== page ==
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Our holdings include hundreds of glass and film negatives/transparencies that we've scanned ourselves; in addition, many other photos on this site were extracted from reference images (high-resolution tiffs) in the Library of Congress research archive. (To query the database click here.) They are adjusted, restored and reworked by your webmaster in accordance with his aesthetic sensibilities before being downsized and turned into the jpegs you see here. All of these images (including "derivative works") are protected by copyright laws of the United States and other jurisdictions and may not be sold, reproduced or otherwise used for commercial purposes without permission.

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[REV 25-NOV-2014]

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Trusses & Rubber Goods: 1921

Trusses & Rubber Goods: 1921

Washington, 1921. "People's Drug Store, 929 Seventh Street N.W., exterior." The scene at Mass and Seventh, evidently the hernia capital of our nation's capital. National Photo Company Collection glass negative. View full size.

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This is a shot of the same corner from the same perspective (south on 7th Street, NW from Massachusetts Avenue) taken in April of 2006. As noted by Navy Seabee, the domed building remains as does the Grogan's Furniture building further down the street.


My guess is that the average worker had to push, pull, and lift heavier stuff than today's workers.

Dr. Smathers has gas

He's advertising painless extractions with gas. I'm looking at all the people in the photo and wondering, Just how much discomfort were people hiding back then if they were needing all those trusses? And were there dentists who didn't use gas? Heaven help those souls.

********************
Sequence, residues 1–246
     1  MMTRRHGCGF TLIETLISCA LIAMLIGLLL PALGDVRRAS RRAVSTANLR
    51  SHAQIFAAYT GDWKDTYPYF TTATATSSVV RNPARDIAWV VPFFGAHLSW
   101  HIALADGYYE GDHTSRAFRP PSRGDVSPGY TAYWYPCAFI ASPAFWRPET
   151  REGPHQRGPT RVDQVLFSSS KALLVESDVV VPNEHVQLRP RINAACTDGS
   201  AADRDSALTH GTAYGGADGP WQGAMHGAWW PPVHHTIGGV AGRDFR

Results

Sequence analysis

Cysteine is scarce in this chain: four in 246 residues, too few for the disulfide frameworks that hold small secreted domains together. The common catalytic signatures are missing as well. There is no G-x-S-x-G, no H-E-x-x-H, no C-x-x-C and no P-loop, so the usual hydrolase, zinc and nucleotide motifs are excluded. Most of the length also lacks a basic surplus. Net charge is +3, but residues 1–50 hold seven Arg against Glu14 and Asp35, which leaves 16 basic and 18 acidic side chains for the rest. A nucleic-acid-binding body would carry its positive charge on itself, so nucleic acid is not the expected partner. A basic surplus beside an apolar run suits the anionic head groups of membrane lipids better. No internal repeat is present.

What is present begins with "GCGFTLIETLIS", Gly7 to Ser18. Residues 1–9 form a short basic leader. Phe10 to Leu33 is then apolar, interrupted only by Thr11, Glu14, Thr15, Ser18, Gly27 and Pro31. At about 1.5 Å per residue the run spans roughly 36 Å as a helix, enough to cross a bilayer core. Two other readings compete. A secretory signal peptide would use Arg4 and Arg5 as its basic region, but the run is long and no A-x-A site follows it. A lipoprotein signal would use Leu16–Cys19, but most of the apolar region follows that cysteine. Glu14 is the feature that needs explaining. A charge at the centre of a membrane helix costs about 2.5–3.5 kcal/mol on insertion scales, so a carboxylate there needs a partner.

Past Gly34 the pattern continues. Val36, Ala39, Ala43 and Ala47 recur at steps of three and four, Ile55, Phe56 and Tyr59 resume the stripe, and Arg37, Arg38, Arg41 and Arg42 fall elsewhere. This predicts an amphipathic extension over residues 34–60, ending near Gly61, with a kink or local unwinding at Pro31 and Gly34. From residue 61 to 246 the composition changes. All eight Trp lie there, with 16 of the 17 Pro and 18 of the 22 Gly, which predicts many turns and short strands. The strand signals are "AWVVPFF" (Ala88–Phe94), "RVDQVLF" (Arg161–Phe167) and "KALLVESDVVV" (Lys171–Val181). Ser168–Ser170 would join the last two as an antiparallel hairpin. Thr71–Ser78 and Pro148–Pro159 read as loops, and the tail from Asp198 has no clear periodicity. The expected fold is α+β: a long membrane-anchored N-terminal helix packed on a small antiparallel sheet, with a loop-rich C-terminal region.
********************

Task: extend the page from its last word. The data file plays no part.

This building appears to be history

But neighbor is still there. Note the domed tower on the far end of People's. Here's the view from the corner down the street.

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Battle of the Bulge

Hernias may not have been more common, but I suspect the treatments were a lot more primitive than the current methods like laparoscopy.

In Truss We Got

Hernia repair surgery probably wasn't as much of an option back then as it is now.


I know you can still buy a truss, but what was the deal back then? I've seen ads for them in just about every period newspaper I've looked at, in addition to them being touted on the front of drugstores. Were hernias that much more of a problem then than they are today?

Coca-Cola 5¢

Coke for a nickel. In New York State, that's deposit on the container, in Michigan it's a dime.

A Sign of the Times

Case in point of why cities adopt sign ordinances. Somewhere underneath all of that is a very nice looking building. Still, it is fun to look at.

Cigar Box

This is such a neat picture; I always like the ones where you can look and look and find tons of cool detail (like cab stands and fifteen cent root beer!). I am wondering what the wooden box on the left might be. Could they just have tossed out a crate for the garbage collectors, or was it perhaps purposely left?

SHORPY OLD PHOTO ARCHIVE | History in HD is a vintage photo archive featuring thousands of high-definition images from the 1850s to 1960s. (Available as fine-art prints from the Shorpy Archive.) The site is named after Shorpy Higginbotham, a teenage coal miner who lived 100 years ago.

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